A new committee has been set up to review the system by which new lawyers start their careers, in a bid to tackle the oversupply of lawyers here.
The Committee for the Professional Training of Lawyers will be led by Justice Quentin Loh, together with Judicial Commissioners Aedit Abdullah and Kannan Ramesh.
Its task is to do a "root and branch" review of how undergraduates are offered training contracts by local law firms, as well as how they are assessed to be suitable for retention and employment.
Chief Justice Sundaresh Menon announced the formation of the panel on Friday during this year's Mass Call, a proceeding that formally admits lawyers to the Bar.
A total of 509 new lawyers were called to the Bar over three sessions at the Supreme Court auditorium on Friday and yesterday.
Though this number is a slight drop from last year's record admission of 535, it still represents an increase of almost 200 per cent from five years ago. CJ Menon said this oversupply meant that of the 650 fresh law graduates here last year, around 100 of them did not receive training contracts.
A training contract typically lasts six months and is a requirement for entry to the Bar.
Anecdotally, some firms retain only about one-third or half of their original intake of trainees, he said.
"While this might not be representative of the entire field, it at least provides a glimpse of how the situation can be grim for many aspiring lawyers," CJ Menon said in explaining the necessity to undertake the review of the entire training contract regime.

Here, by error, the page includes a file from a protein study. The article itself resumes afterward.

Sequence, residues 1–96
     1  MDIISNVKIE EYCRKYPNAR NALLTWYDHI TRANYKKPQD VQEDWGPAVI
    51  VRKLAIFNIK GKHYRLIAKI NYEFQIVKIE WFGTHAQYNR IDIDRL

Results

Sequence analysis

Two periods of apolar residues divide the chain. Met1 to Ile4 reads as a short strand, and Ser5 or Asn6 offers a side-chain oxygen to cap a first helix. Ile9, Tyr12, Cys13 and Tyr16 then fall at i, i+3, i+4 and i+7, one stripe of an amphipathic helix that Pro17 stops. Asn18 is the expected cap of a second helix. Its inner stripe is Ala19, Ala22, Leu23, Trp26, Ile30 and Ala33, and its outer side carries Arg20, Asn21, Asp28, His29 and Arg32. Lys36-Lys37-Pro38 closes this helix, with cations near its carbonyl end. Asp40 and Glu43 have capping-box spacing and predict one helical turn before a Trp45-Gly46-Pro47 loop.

The 14-member panel includes representatives from the Ministry of Law, corporate firms and the Attorney-General's Chambers.
It will "actively seek to understand the struggles of aspiring lawyers" at the start and end of the training contract process.
This includes how such contracts are offered and secured, and whether it is desirable and feasible to regulate such training contracts.
"Ultimately, the objective of the study is to find ways to ensure a high degree of consistency and transparency in the applications process so that graduates coming out of law schools are afforded a fair opportunity to secure a training contract," said CJ Menon.
The panel will also examine whether retention policies should be more structured and transparent.
CJ Menon suggested this could be done by getting firms to make information on their retention criteria and rates available.
He noted that recent years have seen steps taken to grow the pie for lawyers, such as the Singapore International Commercial Court.
"Realistically speaking, it will take time for these continuing efforts to bear fruit and be felt on the ground," he said, especially when slower economic growth could well last till the end of the decade.
"We should be prepared that the situation for fresh graduates and job seekers is likely to remain difficult before it gets better."
Law Society president Thio Shen Yi, who will sit on the new committee, said it was too early to say what its members will agree on, but said that the review may result in a "complete relook" at how the sector operates. "What we can do is make sure there's more transparency so that those looking for training contracts will find the right sort of training contracts, and that those looking to do corporate law don't end up doing litigation or vice versa," he said.
CJ Menon called for those who decide to read law to examine their motives if the issue of oversupply is to be meaningfully addressed.
They must, he said, be driven not by the lure of profit but by the ideals of the profession - and a passion for "justice, fairness and service".